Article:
OXFORD, Miss. — Twenty minutes after the Ole Miss men’s basketball team yanked a crucial road victory from LSU’s clutches, coach Johnny Jones was tossed a question that made finding a silver lining easy.
Despite the 88-74 overtime loss, was Wednesday night’s expedition into the hostile and weathered Tad Smith Coliseum the best outing of the Tigers’ three so far in Southeastern Conference play?
“We played well in spurts,” Jones said. “If you scratch out the overtime ... ”
Trouble is, Jones’ mastery of the space-time continuum doesn’t leave it as an option.
Blotting out a 15-0 run — one spanning five minutes at the end of regulation and the start over time — to flip a four-point LSU lead into a 80-69 hole isn’t feasible.
And, harsh as it is to say, the season’s reached a point where buzzwords such as “growth” and “progress” are ushered out for a brutal reality: Did you win? Or did you lose?
In October, preseason buzz — both by national pundits and some in the LSU locker room — hinted LSU’s veteran core and a top-10 recruiting class had ingredients to end a four-year absence from March Madness.
Now, two weeks in January, LSU (10-5, 1-2 SEC) finds itself slipping to the back of the chase pack for a place on the NCAA tournament bubble.
Does LSU have time to make up ground? Sure.
Are there ample opportunities to get a booster shot for an RPI sitting at No. 72? Definitely. Hey, Missouri and Kentucky visit Baton Rouge the next two weeks.
After muddling through December, does LSU have the joie de vivre it seemingly lacked? Indeed.
“We played tough,” LSU guard Andre Stringer said. “We got our identity back. The score just doesn’t say that. We can’t really ask for much other than executing down the stretch at the end.”
Still, in the steel cage match that is the middle of the SEC standings, LSU is bloodied early.
The Tigers are saddled with losses to peers in Tennessee and Ole Miss as Arkansas knocks off a ranked foe in No. 13 Kentucky. A loss next week on the road at Alabama — a place where LSU has dropped nine in a row — would only compound matters.
So can LSU, a team seemingly with one piston always misfiring, reconcile an identity crisis?
Is LSU the team that pushed quality tournament-caliber squads in Memphis and UMass and blitzed UAB at home?
Or the listless crew outtoughed by Rhode Island and socked in the jaw by Tennessee?
Tellingly, Jones is still rejiggering his rotation based on “the scouting report and matchups” after saying in early November he wanted a reliable system decided by the end of nonconference play.
Yet in the past week, he scrapped his usual crew and moved a cold-shooting Stringer and a somewhat rudderless Jarell Martin to the bench to promote Shavon Coleman and Malik Morgan.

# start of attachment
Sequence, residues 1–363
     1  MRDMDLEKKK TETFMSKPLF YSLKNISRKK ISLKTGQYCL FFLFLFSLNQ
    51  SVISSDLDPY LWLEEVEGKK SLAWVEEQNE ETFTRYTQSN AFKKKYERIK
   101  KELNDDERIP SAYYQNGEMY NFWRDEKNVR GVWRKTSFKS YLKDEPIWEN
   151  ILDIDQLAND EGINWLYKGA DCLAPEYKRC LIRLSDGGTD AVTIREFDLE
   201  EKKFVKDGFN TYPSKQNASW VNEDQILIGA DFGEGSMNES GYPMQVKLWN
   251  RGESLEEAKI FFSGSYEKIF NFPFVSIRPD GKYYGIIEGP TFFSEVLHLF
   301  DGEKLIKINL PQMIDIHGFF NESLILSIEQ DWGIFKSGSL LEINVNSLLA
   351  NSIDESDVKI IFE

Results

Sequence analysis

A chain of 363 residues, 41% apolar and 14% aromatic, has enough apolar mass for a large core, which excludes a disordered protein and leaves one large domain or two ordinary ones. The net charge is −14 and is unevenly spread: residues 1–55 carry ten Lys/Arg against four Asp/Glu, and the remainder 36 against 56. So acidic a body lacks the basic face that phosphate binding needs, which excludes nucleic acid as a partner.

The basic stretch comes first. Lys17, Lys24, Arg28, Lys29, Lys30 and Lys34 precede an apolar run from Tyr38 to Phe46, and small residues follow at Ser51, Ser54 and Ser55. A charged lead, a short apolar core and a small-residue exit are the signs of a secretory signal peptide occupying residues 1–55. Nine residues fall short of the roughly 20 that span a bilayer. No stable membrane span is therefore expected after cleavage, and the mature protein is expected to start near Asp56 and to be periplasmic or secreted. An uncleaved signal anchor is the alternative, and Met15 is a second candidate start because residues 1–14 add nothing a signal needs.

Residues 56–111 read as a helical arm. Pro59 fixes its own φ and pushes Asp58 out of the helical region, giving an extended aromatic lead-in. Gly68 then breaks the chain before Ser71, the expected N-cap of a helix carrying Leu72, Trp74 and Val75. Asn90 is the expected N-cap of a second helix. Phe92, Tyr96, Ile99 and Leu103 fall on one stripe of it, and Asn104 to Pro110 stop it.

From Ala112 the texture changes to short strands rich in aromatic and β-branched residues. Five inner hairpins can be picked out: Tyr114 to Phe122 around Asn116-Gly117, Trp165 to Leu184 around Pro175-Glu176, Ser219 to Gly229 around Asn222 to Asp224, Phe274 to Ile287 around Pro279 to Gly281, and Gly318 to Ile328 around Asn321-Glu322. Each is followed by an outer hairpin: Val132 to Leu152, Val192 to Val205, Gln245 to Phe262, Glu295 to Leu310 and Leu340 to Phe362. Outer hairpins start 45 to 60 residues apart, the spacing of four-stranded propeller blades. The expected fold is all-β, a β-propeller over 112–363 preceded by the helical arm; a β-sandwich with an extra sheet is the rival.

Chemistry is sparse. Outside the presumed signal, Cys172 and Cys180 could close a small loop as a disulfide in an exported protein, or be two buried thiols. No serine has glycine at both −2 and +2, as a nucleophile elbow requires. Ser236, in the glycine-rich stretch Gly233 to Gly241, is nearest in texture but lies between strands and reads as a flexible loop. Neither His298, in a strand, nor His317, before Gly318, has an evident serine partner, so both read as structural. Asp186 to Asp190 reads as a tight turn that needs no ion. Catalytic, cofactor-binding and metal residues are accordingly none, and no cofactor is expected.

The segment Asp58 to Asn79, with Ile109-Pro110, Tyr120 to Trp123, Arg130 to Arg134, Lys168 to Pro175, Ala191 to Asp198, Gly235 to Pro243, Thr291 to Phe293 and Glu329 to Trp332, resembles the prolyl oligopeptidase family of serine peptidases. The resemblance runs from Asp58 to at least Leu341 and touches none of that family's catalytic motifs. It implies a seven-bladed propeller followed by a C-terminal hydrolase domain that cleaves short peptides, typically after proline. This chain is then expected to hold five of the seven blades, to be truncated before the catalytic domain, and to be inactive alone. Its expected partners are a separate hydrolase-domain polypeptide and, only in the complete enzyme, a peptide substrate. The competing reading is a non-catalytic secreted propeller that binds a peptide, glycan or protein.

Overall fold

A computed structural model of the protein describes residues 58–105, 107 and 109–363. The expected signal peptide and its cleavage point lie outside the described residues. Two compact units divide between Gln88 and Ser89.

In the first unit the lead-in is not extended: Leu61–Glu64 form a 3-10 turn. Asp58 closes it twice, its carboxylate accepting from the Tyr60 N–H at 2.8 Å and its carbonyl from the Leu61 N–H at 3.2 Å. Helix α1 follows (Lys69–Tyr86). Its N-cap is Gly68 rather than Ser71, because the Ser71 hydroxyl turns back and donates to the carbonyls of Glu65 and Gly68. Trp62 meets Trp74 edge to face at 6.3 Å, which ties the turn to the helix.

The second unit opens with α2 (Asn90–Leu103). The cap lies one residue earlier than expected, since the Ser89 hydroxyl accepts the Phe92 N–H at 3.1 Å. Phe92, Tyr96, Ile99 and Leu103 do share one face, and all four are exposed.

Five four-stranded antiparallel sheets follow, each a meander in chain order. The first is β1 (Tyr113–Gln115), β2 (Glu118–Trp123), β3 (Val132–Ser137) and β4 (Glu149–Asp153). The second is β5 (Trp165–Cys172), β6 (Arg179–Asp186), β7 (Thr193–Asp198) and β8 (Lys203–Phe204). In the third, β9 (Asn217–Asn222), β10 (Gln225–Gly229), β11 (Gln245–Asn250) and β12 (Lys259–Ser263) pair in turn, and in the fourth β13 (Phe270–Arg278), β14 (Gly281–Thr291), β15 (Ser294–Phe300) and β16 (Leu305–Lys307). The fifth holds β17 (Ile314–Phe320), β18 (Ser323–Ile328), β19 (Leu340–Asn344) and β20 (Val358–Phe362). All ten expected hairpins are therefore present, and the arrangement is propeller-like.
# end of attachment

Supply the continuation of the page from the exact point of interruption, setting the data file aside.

At South Carolina and on Wednesday against Ole Miss, the moves appeared brilliant.
Starting on the bench, Martin can dissect defenses and find gaps, and when inserted at the power forward spot use his athleticism to exploit matchups. The result? He’s averaged 16 points and 6.5 rebounds.
As for Stringer, who entered Wednesday shooting just 25 percent over the previous five games, it has done little to dent his confidence. The senior notched 23 points on 7 of 10 shooting, including hitting five 3-pointers — his best output of the season.
“Both of those guys played really well and gave us some positive minutes,” Jones said. “We’ve just got to make sure as a unit that we’re putting it all together on those same nights.”
Only now comes the hiccup.
LSU’s front court, the mill of the Tigers’ offensive production, is sputtering. Johnny O’Bryant III and freshman phenom Jordan Mickey scored only eight points on a combined 2 of 10 shooting and grabbed just 10 rebounds.
Just as one snag is resolved, another tangle emerges for Jones.
OK, LSU clawed out a three-point lead early in the second half. Yes, they fended off the Rebels several times when Andy Kennedy’s crew winnowed the lead to two points.
In a hostile environment, LSU shot more free throws (30) than Ole Miss. They snagged 15 offensive rebounds. Despite shooting 36.9 percent, the Tigers generated 22 points off 15 turnovers.
Then again ...
There were the 11 first-half turnovers that stymied an offense that tore off a 10-0 run to take a 14-6 lead early. Whistles saddled five players with two fouls a pop in the first half. And at the foul line, LSU went just 18 of 30 — misses that could have built a larger cushion.
Finally, in the waning minutes, LSU looked less like a calloused road crew polishing off a win and more like a thief dodging a mob. The effort was there, but the execution still coming along.
“You just have to make sure and tell the guys that if we give this type of effort Saturday and what they gave on the road, some good things can happen for us,” Jones said. “You have to make sure you’re playing every second of every play.”
LSU is learning, though, that time is finite. The Tigers need to use it well moving forward.